[…] if your child is not molested in your own home — by you, your significant other, or someone else you invited in — chances are your child will never be molested anywhere. Media coverage has precisely inverted both the reality and the risk of child sexual assault. Along the way, it has also inverted the gender of the most tragic victims: Despite the unending parade of young female faces on TV, boys are more likely than girls to be killed in the course of such abuse.”

Here we see a perfect example of media distorting and thus creating reality. It makes a good sensational story, kinda like economic woes — let’s go to press! Reminds me of the “Satanic Panic” of the 1980s when the media (and a huge number of evangelical Christians) reported a flurry of ritualistic Satanic crimes, that included child molestation (of course!), which when investigated, turned out to be a non-issue, probably started by a hoax, and was perpetuated by bad investigation and interviewing techniques, and of course, “the media”.

Admittedly, the cases above didn’t start a wave of copycat molestations or satanic abuse, but they did change peoples behaviors — creating multitudes of overly protective parents that are spending way too much time worrying about the wrong things (or in the case of the satanic ritual abuse cases – completely ridiculous things).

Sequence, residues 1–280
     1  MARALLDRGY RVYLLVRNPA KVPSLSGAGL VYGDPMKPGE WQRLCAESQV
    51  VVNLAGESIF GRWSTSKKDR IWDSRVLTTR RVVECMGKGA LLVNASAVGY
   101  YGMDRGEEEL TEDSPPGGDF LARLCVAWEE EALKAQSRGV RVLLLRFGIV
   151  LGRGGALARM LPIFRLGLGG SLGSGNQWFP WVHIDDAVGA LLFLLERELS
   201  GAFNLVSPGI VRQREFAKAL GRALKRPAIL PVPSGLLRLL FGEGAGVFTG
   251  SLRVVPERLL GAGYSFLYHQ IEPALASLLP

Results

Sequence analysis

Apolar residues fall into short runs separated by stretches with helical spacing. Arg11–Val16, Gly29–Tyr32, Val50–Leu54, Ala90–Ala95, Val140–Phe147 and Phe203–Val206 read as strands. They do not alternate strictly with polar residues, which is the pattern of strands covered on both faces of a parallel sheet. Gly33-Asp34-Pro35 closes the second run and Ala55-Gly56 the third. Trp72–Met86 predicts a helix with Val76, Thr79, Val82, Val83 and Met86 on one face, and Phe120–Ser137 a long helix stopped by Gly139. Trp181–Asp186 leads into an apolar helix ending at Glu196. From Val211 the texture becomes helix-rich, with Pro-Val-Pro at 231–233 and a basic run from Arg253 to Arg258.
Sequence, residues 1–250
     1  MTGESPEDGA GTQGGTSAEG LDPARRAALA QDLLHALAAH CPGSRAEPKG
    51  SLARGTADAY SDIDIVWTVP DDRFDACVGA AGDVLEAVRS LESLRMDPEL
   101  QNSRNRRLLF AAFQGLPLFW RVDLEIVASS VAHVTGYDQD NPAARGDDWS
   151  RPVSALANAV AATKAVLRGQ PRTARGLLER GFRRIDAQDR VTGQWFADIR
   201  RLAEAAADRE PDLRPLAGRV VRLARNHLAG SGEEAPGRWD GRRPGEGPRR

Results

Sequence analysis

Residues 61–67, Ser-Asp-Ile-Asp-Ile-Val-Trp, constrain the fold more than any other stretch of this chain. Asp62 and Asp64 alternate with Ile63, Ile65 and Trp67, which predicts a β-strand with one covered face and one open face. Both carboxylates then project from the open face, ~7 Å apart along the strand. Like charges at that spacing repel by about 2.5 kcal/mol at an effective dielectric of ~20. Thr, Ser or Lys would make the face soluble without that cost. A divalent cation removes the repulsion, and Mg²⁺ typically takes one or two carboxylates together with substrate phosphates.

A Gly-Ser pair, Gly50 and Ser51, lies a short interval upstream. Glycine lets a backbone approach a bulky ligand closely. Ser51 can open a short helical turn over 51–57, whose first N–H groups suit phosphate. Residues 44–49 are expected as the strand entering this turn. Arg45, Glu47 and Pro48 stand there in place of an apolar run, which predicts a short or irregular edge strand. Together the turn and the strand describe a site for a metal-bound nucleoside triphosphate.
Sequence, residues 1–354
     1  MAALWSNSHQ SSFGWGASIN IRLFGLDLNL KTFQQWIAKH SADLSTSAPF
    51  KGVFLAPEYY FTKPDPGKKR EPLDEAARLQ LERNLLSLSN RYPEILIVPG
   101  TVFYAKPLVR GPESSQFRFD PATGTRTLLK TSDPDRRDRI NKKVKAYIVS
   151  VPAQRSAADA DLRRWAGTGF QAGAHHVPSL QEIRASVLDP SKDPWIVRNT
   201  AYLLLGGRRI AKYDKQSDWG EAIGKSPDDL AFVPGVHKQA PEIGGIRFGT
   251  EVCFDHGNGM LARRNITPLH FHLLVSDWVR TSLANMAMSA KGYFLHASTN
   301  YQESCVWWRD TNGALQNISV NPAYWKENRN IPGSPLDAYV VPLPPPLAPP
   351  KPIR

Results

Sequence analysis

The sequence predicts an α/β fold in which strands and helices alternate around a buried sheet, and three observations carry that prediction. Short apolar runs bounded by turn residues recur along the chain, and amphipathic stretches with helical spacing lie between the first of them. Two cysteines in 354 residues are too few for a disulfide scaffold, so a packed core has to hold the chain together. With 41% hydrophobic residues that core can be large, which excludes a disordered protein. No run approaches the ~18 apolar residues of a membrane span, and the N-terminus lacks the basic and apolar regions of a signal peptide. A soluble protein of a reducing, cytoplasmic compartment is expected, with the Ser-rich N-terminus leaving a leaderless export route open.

So, while there certainly is some current economic slowdown (in large part due to the bomb dropping in the housing market) one does have to wonder — “Is it really this bad?” Probably not. And it will probably get as bad as it does simply because the media is blowing it completely out of proportion — or rather, creating a reality that is worse than reality.

UPDATE: Just after writing this I ran across an excellent article titled “Shoppers Cut Back, But That May Hurt” which further exemplifies the above quite nicely. 😉 In particular, the quote from Dan Ariely, a behavioral economist at Duke University:

“In some senses, it’s a self-fulfilling prophecy, […] The idea that consumer confidence can crash the market or boost it tells you that it’s not always about reality.”

And also in this quote:

“I think what is at issue here is: Are people responding to real things, or are they just responding to fear?” said N.C. State University economist Michael Walden. “I’m not sure you can separate the two.”

Cheeseburger Tart?

The other day, I had a very nice slice of Olallieberry tart from Kelly’s French Bakery. As I like to cook and bake, this inspired me to go buy a tart pan last night so that I could prepare my own something-or-other-berry-tart today.